Sushi chefs Jimmy Lau and Nick Kim met almost a decade ago while working for Masa Takayama at his restaurants in the Time Warner Center. They always talked about doing their own restaurant one day, and that dream became a reality last March with the opening of Neta in Greenwich Village. After a year of sparkling reviews and packed dining rooms, Jimmy and Nick are now considering expansion. Below, the two chefs look back on the first year of their sushi hit, Neta.
When did you guys start talking about doing a project of your own?
Jimmy Lau: During preparation, we were always together talking about what we would do in the future.
Nick Kim: Jim and I both worked for Masa for eight years plus, so, yeah, a lot of time was just spent day-dreaming and planning things out.
Jimmy: We talked about it every morning...
Did you guys always want to do something in the Village?
Nick: No, we were thinking more Midtown. We had a lease that we were negotiating, and it kind of fell off, and then we were really focusing on uptown. And at one point, we started to venture outside of that area and went downtown and found this space.
Did you get to build the kitchen to your specifications?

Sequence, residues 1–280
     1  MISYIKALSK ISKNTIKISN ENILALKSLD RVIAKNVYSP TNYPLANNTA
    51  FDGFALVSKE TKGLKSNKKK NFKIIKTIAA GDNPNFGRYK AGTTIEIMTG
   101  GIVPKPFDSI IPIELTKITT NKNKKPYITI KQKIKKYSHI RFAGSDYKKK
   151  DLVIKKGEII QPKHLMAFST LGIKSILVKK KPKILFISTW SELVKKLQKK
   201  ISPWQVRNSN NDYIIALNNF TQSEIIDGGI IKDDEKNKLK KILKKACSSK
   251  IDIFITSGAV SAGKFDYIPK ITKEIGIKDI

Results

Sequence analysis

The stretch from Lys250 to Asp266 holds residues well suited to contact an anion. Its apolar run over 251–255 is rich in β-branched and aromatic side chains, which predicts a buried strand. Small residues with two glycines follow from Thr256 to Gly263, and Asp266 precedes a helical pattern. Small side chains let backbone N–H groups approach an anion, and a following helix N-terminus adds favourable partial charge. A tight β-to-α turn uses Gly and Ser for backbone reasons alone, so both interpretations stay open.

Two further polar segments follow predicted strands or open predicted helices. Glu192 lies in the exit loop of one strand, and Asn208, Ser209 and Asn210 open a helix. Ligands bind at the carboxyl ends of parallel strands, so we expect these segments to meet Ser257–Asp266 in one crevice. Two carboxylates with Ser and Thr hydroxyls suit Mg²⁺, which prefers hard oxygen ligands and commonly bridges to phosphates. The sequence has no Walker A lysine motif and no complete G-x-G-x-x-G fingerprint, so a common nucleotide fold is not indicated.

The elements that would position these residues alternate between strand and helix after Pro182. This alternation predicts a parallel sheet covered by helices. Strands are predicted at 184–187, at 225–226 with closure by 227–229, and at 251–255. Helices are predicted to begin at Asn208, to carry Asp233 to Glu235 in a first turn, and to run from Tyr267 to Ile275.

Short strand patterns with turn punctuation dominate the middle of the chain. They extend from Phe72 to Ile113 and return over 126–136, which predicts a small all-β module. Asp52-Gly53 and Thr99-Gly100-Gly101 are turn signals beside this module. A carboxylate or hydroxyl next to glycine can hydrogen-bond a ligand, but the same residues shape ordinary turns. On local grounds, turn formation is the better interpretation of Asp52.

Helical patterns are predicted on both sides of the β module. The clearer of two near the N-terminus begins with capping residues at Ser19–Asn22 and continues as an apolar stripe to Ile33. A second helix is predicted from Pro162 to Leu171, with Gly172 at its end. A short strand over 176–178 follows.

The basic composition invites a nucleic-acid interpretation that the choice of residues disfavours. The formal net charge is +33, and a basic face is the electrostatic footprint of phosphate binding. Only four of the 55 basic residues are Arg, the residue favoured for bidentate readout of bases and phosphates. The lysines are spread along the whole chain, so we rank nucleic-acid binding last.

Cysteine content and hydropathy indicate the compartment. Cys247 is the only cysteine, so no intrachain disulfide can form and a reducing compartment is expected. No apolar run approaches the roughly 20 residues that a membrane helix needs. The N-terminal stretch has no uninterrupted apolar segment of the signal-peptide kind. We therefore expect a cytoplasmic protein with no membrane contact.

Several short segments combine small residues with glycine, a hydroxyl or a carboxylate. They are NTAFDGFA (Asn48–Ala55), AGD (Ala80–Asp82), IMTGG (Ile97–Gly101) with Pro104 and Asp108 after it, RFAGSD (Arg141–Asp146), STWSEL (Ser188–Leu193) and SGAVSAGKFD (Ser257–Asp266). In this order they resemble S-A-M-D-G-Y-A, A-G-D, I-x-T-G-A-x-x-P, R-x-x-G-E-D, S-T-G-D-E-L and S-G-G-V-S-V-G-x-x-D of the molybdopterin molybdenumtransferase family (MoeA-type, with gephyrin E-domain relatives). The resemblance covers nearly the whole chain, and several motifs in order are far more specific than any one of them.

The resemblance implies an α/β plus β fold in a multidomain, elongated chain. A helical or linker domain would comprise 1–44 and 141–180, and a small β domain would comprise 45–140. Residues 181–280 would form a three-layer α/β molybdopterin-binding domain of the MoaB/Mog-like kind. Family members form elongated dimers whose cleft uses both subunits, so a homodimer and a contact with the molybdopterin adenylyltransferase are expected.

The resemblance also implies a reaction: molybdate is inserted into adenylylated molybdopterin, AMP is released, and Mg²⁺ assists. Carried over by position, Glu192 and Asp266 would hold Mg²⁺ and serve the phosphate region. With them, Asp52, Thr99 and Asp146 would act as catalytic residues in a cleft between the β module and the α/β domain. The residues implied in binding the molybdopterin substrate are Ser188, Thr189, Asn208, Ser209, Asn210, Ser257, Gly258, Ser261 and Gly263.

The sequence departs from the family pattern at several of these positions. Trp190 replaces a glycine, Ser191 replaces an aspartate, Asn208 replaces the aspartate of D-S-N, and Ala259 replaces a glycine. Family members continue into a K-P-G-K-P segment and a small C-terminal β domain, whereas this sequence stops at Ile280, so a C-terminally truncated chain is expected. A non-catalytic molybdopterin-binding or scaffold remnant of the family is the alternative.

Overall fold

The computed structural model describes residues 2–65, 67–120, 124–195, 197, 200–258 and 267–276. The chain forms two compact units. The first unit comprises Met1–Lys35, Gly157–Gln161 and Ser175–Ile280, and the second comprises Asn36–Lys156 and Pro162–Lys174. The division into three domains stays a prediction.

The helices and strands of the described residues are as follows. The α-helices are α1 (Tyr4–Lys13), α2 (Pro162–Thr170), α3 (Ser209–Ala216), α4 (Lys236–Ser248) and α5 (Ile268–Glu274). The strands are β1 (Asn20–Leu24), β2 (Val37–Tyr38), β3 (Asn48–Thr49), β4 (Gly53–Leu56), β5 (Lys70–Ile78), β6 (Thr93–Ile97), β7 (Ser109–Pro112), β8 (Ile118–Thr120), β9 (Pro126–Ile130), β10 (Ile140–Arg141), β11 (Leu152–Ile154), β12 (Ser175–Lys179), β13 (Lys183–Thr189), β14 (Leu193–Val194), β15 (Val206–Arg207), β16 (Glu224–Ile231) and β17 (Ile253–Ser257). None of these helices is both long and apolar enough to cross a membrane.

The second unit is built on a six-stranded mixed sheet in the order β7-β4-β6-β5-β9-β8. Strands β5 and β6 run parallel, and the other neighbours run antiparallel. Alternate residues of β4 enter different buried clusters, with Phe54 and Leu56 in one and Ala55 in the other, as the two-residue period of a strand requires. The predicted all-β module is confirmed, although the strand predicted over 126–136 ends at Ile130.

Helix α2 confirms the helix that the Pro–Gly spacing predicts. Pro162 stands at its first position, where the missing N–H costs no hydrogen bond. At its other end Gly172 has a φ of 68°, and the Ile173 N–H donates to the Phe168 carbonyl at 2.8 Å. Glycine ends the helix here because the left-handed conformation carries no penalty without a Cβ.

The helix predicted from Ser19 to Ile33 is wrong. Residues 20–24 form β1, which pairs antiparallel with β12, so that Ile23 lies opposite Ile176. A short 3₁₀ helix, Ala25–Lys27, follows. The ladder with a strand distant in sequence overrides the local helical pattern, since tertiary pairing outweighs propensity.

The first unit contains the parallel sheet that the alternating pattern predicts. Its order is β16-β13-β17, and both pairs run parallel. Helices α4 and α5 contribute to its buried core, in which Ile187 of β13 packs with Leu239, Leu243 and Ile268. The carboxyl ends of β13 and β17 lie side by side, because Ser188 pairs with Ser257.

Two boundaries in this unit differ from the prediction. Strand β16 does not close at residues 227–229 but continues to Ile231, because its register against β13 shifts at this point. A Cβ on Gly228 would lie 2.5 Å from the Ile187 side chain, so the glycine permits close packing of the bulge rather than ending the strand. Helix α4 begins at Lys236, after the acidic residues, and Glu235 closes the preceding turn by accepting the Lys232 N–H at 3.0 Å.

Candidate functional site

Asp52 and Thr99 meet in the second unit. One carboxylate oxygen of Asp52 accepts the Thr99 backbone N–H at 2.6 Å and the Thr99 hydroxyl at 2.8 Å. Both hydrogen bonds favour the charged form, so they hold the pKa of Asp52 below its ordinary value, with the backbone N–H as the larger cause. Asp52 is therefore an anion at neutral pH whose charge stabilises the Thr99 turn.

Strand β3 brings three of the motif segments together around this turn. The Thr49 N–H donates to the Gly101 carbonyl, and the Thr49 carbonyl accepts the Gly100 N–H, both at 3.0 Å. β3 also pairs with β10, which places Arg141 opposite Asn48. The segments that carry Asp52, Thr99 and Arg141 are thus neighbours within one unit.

Nick: Everything. From the floor to the top of the wall — we got 100 percent involved with it. We have a kitchen designer who designed it with an architect and the general contractor. We did it really old-school, I guess. We were here every day with the general contractors, a lot of learning on the job.
How was the opening? Did people check it out once you guys got the doors open?
Nick: Yes, definitely, they came. And we were nervous that nobody would come. So, it was one of those things that once people showed up...even one person showing up was very cool.
In terms of style of service, what did you guys want to do? Did you want to make it more relaxed than Masa or Bar Masa?
Nick: Definitely. We wanted to take the edge off that formality. Not to be too strict, kind of just let people enjoy and relax. A lot of times it's too practiced, and I didn't want it to be that way. I think we kind of achieved that in many ways here, where we play the nontraditional Japanese music with that kind of environment, but it's a little bit more downtown and more relaxed.
Jimmy, did you have any customers from Bar Masa follow you down here?
Jimmy: Yeah, they have. But I worked in the back, so I didn't see the customers. I don't know their names, but they come, they know my name.
What was the review process like?
Nick: Platt was the first review, which, you know, was pretty gentle, I thought. Opening a restaurant is not that easy. Pete Wells was very gentle, and I just want to give him a hug and...I hope that one day our paths cross, because it was just such a beautiful thing he wrote, and he just totally got it. It was very kind.
He wrote poetically about your food — it was a great review. Were you surprised?